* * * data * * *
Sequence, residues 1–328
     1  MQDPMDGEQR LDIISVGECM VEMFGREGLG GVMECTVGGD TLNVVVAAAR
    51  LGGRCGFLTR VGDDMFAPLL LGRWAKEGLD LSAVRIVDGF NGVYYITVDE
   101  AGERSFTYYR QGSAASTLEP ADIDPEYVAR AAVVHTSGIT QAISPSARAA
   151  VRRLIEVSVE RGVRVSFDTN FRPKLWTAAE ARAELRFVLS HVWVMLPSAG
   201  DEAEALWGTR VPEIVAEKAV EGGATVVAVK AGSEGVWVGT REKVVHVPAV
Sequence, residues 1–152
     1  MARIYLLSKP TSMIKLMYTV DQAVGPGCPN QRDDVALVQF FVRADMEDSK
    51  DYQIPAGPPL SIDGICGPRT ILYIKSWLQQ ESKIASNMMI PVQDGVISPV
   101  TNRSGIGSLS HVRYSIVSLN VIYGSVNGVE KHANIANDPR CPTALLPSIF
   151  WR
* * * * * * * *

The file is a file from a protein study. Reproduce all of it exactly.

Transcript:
Sequence, residues 1–328
     1  MQDPMDGEQR LDIISVGECM VEMFGREGLG GVMECTVGGD TLNVVVAAAR
    51  LGGRCGFLTR VGDDMFAPLL LGRWAKEGLD LSAVRIVDGF NGVYYITVDE
   101  AGERSFTYYR QGSAASTLEP ADIDPEYVAR AAVVHTSGIT QAISPSARAA
   151  VRRLIEVSVE RGVRVSFDTN FRPKLWTAAE ARAELRFVLS HVWVMLPSAG
   201  DEAEALWGTR VPEIVAEKAV EGGATVVAVK AGSEGVWVGT REKVVHVPAV
Sequence, residues 1–152
     1  MARIYLLSKP TSMIKLMYTV DQAVGPGCPN QRDDVALVQF FVRADMEDSK
    51  DYQIPAGPPL SIDGICGPRT ILYIKSWLQQ ESKIASNMMI PVQDGVISPV
   101  TNRSGIGSLS HVRYSIVSLN VIYGSVNGVE KHANIANDPR CPTALLPSIF
   151  WR